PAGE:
Our mission and service teams are filling up fast for next year and we are anticipating over 130 people serving with us in South Africa in 2019. Our staff in Iowa is busy with year-end fundraising activities and so far we are on track to meet out budgeted goals thanks to all of our great friends who love and support the work we are doing in South Africa.

 

When God created Adam, he saw that he needed a helpmate so He created Eve. I have been thinking a lot about the value of a helpmate this last month while Beth has been in South Africa hosting a couple of our mission teams. She is still my helpmate and is working hard to help me, but I am missing the closeness and fellowship that we have. It is rare that we are apart even for a day or two. I do not have the same joyful spirit that I usually have when Beth is with me. I am sure that our staff will be happy when she gets back from Africa. I have been here in the US since April and plan to return to South Africa in October. This is the longest that I have been out of South Africa for many years. It has been good for our son, Dustin, to be out of my shadow and managing the day-to-day operations of our ministry in South Africa—he is doing a really nice job.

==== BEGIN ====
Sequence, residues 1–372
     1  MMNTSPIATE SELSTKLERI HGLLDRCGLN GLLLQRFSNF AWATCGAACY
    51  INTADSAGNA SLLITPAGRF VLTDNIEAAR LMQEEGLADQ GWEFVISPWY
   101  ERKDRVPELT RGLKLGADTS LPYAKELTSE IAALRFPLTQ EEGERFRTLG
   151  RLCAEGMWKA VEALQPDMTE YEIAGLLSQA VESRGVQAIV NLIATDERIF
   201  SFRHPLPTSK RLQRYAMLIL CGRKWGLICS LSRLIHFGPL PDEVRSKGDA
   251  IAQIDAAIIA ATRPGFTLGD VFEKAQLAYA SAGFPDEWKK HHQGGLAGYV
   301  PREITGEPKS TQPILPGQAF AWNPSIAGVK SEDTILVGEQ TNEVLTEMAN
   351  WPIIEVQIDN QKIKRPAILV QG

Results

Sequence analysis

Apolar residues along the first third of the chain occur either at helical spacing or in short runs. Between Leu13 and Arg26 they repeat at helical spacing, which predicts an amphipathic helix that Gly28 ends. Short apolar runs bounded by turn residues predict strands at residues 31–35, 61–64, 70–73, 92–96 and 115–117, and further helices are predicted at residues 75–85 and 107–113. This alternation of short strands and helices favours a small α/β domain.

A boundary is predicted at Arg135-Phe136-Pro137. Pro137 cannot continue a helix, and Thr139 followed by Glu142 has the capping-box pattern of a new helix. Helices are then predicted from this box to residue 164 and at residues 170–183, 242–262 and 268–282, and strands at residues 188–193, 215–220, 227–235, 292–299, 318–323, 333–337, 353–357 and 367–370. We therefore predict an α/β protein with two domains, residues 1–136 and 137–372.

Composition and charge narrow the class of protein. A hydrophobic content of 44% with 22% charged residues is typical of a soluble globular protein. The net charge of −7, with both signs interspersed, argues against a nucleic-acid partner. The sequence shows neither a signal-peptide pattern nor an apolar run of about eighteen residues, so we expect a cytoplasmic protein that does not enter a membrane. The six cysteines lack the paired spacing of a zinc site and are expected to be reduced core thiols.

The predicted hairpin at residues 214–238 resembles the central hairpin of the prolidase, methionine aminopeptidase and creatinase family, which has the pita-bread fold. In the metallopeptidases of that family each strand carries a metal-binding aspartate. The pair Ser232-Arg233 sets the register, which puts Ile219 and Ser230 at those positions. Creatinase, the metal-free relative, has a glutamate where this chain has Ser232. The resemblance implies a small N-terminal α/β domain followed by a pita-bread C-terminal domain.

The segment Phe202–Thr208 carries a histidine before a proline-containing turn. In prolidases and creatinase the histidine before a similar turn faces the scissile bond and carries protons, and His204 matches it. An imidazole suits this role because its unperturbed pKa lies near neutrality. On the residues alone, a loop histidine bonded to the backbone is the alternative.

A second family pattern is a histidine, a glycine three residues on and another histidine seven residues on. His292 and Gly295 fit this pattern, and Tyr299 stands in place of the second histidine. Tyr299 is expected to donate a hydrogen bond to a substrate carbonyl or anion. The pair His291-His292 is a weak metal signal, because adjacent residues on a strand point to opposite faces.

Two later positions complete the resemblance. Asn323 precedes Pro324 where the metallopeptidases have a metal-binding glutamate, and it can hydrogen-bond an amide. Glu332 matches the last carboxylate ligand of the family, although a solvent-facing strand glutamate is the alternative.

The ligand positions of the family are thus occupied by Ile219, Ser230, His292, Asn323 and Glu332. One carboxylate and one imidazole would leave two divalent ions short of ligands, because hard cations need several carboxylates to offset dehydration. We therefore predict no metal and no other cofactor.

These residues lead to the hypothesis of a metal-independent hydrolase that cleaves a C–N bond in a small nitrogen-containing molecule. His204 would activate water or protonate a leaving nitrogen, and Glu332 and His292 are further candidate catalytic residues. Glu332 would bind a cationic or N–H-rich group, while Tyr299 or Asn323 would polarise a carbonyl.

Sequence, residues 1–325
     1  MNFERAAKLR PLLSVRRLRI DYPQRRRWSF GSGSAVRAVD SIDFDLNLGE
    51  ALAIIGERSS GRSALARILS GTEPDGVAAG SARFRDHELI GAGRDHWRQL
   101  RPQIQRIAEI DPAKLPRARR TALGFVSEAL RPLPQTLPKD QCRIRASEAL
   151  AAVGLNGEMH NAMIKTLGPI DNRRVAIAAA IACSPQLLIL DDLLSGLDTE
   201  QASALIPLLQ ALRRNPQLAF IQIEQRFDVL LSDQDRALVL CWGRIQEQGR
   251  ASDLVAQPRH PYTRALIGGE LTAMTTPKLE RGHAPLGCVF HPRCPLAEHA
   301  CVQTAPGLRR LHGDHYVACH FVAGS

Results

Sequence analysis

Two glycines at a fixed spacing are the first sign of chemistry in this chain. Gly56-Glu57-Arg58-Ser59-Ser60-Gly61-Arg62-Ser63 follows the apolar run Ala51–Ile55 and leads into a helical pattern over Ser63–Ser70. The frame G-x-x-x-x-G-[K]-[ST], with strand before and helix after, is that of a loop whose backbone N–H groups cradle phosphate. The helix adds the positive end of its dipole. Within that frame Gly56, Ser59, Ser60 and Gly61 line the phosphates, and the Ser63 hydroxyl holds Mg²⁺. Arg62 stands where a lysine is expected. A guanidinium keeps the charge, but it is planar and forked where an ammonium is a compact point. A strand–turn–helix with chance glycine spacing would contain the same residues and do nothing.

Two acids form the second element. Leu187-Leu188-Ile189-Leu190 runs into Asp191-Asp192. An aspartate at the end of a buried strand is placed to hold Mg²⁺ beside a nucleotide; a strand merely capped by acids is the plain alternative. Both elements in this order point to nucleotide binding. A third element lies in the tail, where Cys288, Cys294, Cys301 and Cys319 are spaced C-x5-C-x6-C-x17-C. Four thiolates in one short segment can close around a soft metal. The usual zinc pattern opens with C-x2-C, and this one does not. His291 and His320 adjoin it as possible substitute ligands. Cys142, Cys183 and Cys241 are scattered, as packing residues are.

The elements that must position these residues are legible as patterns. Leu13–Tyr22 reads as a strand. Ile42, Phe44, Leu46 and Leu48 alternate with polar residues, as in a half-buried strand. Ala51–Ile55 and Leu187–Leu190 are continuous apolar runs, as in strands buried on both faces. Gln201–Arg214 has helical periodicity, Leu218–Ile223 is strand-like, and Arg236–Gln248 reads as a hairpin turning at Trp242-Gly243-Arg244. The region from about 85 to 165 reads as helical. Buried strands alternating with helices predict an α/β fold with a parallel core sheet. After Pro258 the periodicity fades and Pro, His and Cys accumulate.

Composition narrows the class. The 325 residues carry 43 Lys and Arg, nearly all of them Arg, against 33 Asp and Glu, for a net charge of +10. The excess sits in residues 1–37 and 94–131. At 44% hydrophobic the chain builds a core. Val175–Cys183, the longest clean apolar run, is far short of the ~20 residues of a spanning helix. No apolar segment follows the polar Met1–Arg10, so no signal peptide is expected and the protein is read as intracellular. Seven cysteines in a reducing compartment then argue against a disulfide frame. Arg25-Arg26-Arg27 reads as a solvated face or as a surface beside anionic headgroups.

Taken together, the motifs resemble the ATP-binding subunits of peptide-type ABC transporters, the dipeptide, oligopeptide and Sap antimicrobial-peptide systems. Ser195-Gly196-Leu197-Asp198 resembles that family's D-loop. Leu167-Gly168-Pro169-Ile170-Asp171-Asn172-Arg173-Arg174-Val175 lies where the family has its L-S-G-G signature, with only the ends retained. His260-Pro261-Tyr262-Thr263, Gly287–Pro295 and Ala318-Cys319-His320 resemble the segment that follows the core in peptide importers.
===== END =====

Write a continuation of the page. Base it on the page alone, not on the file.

A few good things have been happening with our ministry over the last couple of months. We got our labor disputes at Del Cramer Children’s Development Center resolved and things are running well there. Amber, the new director at Del Cramer, had a baby girl and Kabelo and Suzetha had their second daughter. Our family is growing!

Our medical school clinical rotations with the University of Iowa got started this summer with our first two students enjoying their clinical experience with us. For some reason, all three of our mission teams this summer have consisted primarily of females and that is why Beth and her sister, Paula, have been in Africa without me hosting these teams.